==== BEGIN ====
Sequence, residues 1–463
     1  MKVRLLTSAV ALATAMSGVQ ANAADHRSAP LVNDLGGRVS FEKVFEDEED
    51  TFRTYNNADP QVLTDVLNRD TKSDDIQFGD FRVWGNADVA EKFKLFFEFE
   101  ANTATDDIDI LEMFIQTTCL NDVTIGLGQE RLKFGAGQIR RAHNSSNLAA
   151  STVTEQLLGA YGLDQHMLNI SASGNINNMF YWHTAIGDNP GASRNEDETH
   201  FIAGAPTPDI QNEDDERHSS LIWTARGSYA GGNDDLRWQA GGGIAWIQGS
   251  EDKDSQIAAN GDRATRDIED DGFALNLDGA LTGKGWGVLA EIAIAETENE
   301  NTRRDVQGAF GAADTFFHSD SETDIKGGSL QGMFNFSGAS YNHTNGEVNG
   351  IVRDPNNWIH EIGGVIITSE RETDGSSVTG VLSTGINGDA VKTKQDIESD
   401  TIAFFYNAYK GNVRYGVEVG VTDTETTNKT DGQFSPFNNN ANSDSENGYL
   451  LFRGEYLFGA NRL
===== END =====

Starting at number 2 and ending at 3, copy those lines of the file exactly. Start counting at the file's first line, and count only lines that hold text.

     1  MKVRLLTSAV ALATAMSGVQ ANAADHRSAP LVNDLGGRVS FEKVFEDEED
    51  TFRTYNNADP QVLTDVLNRD TKSDDIQFGD FRVWGNADVA EKFKLFFEFE